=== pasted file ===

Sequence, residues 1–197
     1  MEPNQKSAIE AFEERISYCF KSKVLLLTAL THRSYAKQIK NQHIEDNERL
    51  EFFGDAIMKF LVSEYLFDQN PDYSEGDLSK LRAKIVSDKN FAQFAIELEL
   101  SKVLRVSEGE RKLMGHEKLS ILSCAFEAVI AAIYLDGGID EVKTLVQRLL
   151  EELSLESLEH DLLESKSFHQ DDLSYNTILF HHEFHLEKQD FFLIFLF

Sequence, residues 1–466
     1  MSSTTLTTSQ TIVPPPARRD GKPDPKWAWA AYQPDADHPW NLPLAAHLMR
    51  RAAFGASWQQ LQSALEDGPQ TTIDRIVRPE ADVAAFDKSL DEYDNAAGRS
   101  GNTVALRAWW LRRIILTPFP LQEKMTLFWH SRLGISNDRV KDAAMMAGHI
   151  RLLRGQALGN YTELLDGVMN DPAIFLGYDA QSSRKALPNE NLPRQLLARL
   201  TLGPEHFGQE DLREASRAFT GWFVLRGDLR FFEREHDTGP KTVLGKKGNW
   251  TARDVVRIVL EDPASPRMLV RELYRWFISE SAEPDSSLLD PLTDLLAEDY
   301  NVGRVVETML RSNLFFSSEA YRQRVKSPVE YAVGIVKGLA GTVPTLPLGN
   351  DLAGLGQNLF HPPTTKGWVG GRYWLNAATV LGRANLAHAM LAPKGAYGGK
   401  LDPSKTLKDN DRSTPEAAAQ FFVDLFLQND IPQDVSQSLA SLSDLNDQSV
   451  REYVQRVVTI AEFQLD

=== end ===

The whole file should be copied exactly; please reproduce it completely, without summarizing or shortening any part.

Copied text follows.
Sequence, residues 1–197
     1  MEPNQKSAIE AFEERISYCF KSKVLLLTAL THRSYAKQIK NQHIEDNERL
    51  EFFGDAIMKF LVSEYLFDQN PDYSEGDLSK LRAKIVSDKN FAQFAIELEL
   101  SKVLRVSEGE RKLMGHEKLS ILSCAFEAVI AAIYLDGGID EVKTLVQRLL
   151  EELSLESLEH DLLESKSFHQ DDLSYNTILF HHEFHLEKQD FFLIFLF

Sequence, residues 1–466
     1  MSSTTLTTSQ TIVPPPARRD GKPDPKWAWA AYQPDADHPW NLPLAAHLMR
    51  RAAFGASWQQ LQSALEDGPQ TTIDRIVRPE ADVAAFDKSL DEYDNAAGRS
   101  GNTVALRAWW LRRIILTPFP LQEKMTLFWH SRLGISNDRV KDAAMMAGHI
   151  RLLRGQALGN YTELLDGVMN DPAIFLGYDA QSSRKALPNE NLPRQLLARL
   201  TLGPEHFGQE DLREASRAFT GWFVLRGDLR FFEREHDTGP KTVLGKKGNW
   251  TARDVVRIVL EDPASPRMLV RELYRWFISE SAEPDSSLLD PLTDLLAEDY
   301  NVGRVVETML RSNLFFSSEA YRQRVKSPVE YAVGIVKGLA GTVPTLPLGN
   351  DLAGLGQNLF HPPTTKGWVG GRYWLNAATV LGRANLAHAM LAPKGAYGGK
   401  LDPSKTLKDN DRSTPEAAAQ FFVDLFLQND IPQDVSQSLA SLSDLNDQSV
   451  REYVQRVVTI AEFQLD